In fact, Kentucky hadn't done it in five years before taking down Vanderbilt and South Carolina in consecutive weeks.
A torrent of excitement on the part of fans has followed the victories and UK's 4-1 start, but Mark Stoops has gotten back to work since his signature win on Saturday. He can't stop thinking about the way the Wildcats have won those two games.
"Two weeks ago played great defense, maybe not as well offensively," Stoops said. "This past week played extremely good offense, and defense not as good as we have."
UK, of course, held Vanderbilt to just 139 yards and not a single offensive score in a 17-7 win over the Commodores, but stalled on offense in the second half. Against South Carolina, the Cats couldn't stop the run and allowed 500 yards, but scored 45 points to upend the Gamecocks and send an electric Commonwealth Stadium crowd into raucous celebration.
Clearly, Kentucky is capable of playing at a high level on both sides of the ball. Hosting ULM on Saturday at noon ET, the Cats will look to marry solid offensive and defensive performances.
"We just need to continue to worry about ourselves and continue to improve," Stoops said. "I think that's the good thing. There is an awful lot on this film from this past week that we can improve on, that we will improve on."
That starts on defense, specifically in the ground game.
South Carolina had 282 rushing yards on Saturday, averaging 5.9 yards per carry in the process. As a result, the Gamecocks punted just three times, though UK did have three interceptions to pave the way for the win.
"We didn't play very well in the run game," defensive coordinator D.J. Eliot said. "Probably our worst performance in the run game. It was very disappointing. It was mainly linebacker play. I think linebacker play was poor in the run game. So, we need to make improvements this week in that area."
Defensive end/linebacker Bud Dupree has received that message loud and clear. The senior leader also has a good idea what it will take to make those improvements.
"The key to playing the run better on our defense is basically just doing our job, don't try to be selfish," Dupree said. "We had another case of trying to be selfish last game and it showed in the long run and they gashed us a lot of times. So this week we're just focused on doing our job to make sure everyone stays in their gaps."
The play Dupree made to give UK the win against South Carolina is proof of exactly that.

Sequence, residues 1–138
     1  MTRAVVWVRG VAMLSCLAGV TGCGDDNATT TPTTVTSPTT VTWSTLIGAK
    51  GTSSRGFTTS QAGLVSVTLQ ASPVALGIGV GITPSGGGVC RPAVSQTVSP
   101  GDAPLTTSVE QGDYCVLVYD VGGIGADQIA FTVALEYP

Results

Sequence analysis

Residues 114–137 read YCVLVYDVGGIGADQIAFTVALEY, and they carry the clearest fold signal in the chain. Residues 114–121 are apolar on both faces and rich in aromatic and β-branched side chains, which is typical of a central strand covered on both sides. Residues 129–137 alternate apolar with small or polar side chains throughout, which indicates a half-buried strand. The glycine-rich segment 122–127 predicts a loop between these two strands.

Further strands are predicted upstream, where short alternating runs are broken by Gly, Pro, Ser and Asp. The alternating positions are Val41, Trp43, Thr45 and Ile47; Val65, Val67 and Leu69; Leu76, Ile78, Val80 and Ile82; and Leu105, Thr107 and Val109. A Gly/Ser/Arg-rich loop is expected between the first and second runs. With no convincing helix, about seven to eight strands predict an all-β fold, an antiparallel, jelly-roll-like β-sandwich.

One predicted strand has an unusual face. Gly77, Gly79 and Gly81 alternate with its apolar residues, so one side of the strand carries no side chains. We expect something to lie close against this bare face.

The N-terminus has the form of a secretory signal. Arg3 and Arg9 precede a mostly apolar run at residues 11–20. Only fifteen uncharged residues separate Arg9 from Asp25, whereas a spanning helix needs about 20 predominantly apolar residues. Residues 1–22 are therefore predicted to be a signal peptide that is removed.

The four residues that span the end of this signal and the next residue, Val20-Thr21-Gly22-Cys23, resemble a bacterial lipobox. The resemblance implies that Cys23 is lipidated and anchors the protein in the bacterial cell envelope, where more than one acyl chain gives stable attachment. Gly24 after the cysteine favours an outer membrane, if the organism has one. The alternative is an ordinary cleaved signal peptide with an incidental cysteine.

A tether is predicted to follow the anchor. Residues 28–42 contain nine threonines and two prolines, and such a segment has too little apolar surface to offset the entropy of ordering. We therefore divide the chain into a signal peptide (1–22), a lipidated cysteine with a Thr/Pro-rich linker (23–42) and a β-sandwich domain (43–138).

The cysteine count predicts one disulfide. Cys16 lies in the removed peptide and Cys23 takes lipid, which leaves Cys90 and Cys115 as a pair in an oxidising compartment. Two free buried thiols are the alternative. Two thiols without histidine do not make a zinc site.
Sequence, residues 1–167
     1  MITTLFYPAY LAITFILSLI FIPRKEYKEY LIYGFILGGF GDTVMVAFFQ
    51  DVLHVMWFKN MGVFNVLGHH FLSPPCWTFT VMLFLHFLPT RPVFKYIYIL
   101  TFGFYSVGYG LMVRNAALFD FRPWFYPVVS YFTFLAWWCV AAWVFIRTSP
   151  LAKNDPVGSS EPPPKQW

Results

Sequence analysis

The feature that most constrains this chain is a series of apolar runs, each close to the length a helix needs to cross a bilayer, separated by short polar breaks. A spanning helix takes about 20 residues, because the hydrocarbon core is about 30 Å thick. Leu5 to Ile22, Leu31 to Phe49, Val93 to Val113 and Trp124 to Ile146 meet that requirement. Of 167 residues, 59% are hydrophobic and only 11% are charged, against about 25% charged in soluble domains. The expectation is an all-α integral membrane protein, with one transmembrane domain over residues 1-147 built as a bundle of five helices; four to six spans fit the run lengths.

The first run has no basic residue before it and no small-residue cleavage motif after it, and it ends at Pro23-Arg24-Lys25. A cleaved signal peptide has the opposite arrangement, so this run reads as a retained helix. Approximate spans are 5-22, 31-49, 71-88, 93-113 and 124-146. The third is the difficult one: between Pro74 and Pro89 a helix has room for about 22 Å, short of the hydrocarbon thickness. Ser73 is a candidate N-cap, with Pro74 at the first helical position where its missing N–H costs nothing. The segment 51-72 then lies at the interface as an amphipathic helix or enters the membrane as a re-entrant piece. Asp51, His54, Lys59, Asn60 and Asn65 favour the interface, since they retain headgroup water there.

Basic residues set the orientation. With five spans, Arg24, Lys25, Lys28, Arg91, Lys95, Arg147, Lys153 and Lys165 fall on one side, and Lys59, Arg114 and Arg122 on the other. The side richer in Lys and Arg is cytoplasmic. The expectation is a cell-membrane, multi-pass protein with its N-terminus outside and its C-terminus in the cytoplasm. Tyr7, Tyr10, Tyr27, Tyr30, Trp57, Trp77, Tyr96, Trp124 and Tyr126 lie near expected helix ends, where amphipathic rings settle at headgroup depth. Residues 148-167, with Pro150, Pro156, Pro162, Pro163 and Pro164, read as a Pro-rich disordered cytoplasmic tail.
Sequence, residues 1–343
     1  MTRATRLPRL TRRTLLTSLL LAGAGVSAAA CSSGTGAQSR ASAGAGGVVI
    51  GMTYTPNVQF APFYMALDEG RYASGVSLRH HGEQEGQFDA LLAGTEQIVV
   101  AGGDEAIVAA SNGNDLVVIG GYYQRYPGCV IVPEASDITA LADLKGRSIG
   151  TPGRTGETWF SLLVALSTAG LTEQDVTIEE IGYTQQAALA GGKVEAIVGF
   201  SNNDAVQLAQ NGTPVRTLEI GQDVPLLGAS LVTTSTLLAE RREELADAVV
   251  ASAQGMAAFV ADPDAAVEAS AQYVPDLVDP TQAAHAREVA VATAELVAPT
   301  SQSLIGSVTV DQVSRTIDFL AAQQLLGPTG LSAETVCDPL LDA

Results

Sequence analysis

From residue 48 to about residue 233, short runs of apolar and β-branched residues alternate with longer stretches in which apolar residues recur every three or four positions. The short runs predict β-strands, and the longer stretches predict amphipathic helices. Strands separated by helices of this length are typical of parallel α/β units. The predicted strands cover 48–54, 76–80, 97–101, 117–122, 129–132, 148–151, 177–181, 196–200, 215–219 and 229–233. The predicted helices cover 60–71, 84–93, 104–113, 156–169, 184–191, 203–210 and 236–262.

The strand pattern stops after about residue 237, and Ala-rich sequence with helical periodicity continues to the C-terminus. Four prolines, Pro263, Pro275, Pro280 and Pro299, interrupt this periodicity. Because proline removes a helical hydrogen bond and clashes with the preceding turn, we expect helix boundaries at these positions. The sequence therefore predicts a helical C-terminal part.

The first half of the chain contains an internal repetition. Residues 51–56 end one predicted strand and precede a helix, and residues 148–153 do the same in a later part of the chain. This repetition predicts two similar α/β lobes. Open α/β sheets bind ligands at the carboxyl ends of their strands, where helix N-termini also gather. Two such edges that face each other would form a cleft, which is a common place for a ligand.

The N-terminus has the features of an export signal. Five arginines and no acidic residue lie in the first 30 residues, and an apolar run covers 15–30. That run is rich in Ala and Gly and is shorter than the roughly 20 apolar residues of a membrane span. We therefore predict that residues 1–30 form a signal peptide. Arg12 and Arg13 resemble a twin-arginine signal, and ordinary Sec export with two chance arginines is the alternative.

As Gamecock quarterback Dylan Thompson dropped to pass in the final minutes on Saturday, Dupree and defensive tackle Mike Douglas played their assignments to perfection. When Thompson threw, Douglas got his right hand on the ball. Dupree was in position to grab it in midair and scoot into the end zone for the game-winning touchdown.
"Just do your job and things will happen for you," Dupree said. "In the long run, just make sure everyone stays in their gaps and does their assignments and it'll pay off big time for us."
The Warhawks (3-2, 2-1 Sun Belt) will provide a test on that front.
"ULM's a balanced offense that can attack you in a lot of ways," Eliot said. "They can line up in spread looks and throw the ball around. But they also can get in some two-back sets and run power and run counter. So it's a team that we've got a lot to prepare for."
UK's offense will have a unique challenge to prepare for as well.
ULM uses a 3-3 stack on defense, a system current Arizona head coach Rich Rodriguez is best known for. In their base formation, the Warhawks play with three linemen, three linebackers and five defensive backs.
"Those guys are really well-coached," Brown said. "Todd Berry has done a really good job there. Not only there but some other places he's been also. Got a lot of respect for their defensive coordinator (Troy Reffett). He's tough. It's a little bit unorthodox. They're really sound in what they do, but you just don't see it a lot."
ULM is unpredictable in the way it pressures the quarterback, and the Warhawks are tied for eighth nationally in sacks per game (3.8) as a result. On the flip side, UK will have its chances to capitalize when the Warhawks don't get to Patrick Towles.
"They get a lot of tackles for loss," Towles said. "They get a lot of pressure on the quarterback, but there's a lot of opportunities for big plays. So when they come we gotta hit them and hopefully we do that."
As fascinating as the Xs and Os will be when the Cats and Warhawks face off, the outcome will depend more heavily on which team is ready to play. ULM has already faced LSU on the road and taken down Wake Forest in its season opener, marking the third straight season in which the Warhawks have beaten a major-conference opponent. In 2012, ULM opened its season with an overtime win at No. 8 Arkansas before dropping games against Auburn and Baylor by a combined eight points.
"They are not intimidated coming into an environment like this," Stoops said. "They are so used to playing big teams. In the past four or five years they have played SEC teams well, beaten SEC teams, come within one possession of beating great SEC teams."
Combine ULM's big-game experience with the fact that UK is coming off a huge win and you have a matchup that might seem ripe for an upset. The Cats have other plans.
"Don't expect a letdown," Brown said. "I don't believe in it. You've got 365 days for 12 opportunities. You better not waste one. I fully expect us not to waste one. We'll be ready to go."
Besides, UK wouldn't dare waste a chance at playing that elusive complete game.
"That's what makes you optimistic about the future because we haven't put it all together yet," Stoops said.